The Impact of the October 7th Hamas Terror Attacks on US Immigration

by | Oct 16, 2023

The Hamas terror attacks on October 7th, the worst terrorist attack on Americans since 9/11, resulted in 30 Americans dead and 13 unaccounted for.  The horrible atrocity touches the lives of thousands around the world.  But what ensued after may change the immigration future of many hopefuls in the United States.

Thousands of people have spilled into streets worldwide to protest.  Some, grotesquely have celebrated Hamas’ actions, circulating social media photos and videos, claiming the Hamas attacks as “justified resistance” chanting “Death to Israel” and for “liberation by any means.”  Those expressing those views may want to think twice if they are not US citizens.

Justice for Palestine

US immigration laws, which govern everything from student visas to naturalization, are fiercely adverse to those that support terrorist organizations.  Anyone who is in the US or wants to come to the US with an immigrant or non-immigrant visa must demonstrate that they are admissible to the US.  Anyone who supports terrorist organizations will be deemed ineligible.  Their visa or green card can be denied, or revoked and they may be deported.  Congress ensured it.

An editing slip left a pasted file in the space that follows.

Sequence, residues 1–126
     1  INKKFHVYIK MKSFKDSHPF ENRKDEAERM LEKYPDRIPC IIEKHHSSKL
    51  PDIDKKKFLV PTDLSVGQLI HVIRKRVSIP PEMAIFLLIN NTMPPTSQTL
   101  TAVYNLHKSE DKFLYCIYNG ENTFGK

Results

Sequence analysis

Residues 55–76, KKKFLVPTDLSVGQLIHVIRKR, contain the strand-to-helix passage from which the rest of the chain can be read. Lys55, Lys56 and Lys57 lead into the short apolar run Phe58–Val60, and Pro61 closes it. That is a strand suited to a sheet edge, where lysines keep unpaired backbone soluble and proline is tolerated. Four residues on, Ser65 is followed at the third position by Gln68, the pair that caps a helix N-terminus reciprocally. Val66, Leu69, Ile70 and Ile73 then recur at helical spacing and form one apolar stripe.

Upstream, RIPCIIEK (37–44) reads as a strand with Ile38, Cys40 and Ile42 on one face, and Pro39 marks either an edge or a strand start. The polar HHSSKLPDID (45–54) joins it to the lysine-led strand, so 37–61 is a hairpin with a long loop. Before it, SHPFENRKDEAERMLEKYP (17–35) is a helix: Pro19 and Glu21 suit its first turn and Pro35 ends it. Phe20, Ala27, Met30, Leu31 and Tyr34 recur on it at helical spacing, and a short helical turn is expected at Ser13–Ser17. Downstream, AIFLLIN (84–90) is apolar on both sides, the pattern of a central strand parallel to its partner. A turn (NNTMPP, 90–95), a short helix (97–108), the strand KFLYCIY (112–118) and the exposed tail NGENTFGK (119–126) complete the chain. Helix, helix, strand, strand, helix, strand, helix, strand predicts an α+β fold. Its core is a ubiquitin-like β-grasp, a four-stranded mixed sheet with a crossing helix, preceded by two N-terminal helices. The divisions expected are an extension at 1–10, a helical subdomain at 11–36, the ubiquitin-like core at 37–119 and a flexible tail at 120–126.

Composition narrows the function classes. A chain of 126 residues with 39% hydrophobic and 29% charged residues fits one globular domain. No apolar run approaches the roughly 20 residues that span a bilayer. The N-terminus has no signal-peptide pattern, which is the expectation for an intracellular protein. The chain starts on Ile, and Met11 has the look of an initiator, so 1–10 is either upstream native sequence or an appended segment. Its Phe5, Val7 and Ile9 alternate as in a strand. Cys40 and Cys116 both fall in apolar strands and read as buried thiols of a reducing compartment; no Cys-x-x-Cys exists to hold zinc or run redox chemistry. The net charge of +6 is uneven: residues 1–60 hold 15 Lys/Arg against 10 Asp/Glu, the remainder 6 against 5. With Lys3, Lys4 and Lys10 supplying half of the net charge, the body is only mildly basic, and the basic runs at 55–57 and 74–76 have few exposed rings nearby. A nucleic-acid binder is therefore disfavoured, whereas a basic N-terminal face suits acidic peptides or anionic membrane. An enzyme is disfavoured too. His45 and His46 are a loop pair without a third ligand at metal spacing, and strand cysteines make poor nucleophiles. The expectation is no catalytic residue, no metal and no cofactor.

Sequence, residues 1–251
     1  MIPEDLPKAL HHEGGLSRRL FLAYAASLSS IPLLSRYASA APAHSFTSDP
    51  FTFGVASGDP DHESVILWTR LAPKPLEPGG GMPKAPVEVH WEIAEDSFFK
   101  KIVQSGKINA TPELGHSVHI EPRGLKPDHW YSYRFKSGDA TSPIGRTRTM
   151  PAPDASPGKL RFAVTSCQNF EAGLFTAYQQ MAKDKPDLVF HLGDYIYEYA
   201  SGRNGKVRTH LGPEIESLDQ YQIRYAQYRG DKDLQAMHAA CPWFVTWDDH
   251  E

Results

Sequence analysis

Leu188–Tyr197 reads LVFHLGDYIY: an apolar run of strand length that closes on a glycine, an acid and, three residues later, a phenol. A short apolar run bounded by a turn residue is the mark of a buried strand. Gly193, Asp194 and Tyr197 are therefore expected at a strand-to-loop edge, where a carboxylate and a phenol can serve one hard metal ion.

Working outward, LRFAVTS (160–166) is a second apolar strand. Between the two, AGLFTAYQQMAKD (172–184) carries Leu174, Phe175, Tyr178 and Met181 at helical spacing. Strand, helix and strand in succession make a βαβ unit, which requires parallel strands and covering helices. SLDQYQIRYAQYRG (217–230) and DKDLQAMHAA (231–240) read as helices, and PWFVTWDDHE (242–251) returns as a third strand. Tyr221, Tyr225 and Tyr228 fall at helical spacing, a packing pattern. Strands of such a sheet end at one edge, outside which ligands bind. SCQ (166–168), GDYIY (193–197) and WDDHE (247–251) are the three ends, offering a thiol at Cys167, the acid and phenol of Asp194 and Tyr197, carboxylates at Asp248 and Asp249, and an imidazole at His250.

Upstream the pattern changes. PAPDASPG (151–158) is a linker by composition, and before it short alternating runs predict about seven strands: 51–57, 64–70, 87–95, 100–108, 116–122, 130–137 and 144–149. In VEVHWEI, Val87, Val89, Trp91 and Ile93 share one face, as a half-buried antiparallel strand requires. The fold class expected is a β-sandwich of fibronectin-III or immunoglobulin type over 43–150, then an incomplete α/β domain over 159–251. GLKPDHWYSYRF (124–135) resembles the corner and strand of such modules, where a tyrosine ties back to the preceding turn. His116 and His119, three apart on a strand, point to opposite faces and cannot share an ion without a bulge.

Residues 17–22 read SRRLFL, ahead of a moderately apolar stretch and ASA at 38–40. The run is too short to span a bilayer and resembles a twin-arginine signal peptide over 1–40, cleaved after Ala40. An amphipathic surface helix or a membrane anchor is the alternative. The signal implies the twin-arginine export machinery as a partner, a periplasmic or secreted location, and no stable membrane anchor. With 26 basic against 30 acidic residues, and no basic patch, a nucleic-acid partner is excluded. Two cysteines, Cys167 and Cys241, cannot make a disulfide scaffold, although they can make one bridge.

Section 212 of the Immigration and Nationality Act holds any alien who supports terrorist organizations or supports or incites terrorist activity or endorses, persuades others to endorse such activity is inadmissible.  Section 237 authorizes the removal of any such person and it is a permanent bar from the US.  Even if someone is a long-time permanent resident in the US, they can be denied naturalization and placed into deportation proceedings for such actions.

Have you ever committed, threatened to commit

While people may think they are merely supporting the plight of the Palestinians, a careful review of what they are endorsing and inciting is crucial here.  It is well known that Hamas has been a designated foreign terrorist organization by the Department of State since October 8, 1997.  Given they have been deemed terrorists for almost 30 years, it’d be a hard case to make that someone was unaware of their terrorist designation.  So celebrating, endorsing, or inciting further actions by Hamas may not be the path one wants if they are seeking a path to US citizenship.